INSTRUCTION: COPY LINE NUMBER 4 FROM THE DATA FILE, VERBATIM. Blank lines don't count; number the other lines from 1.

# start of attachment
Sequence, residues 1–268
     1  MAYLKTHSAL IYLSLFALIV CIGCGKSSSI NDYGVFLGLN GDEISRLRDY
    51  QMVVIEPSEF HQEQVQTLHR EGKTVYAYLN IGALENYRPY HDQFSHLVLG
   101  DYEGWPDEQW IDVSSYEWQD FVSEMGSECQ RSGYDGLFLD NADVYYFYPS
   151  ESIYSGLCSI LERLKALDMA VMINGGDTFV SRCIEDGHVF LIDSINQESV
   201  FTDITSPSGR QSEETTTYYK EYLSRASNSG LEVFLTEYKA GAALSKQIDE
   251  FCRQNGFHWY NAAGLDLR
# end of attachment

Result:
   101  DYEGWPDEQW IDVSSYEWQD FVSEMGSECQ RSGYDGLFLD NADVYYFYPS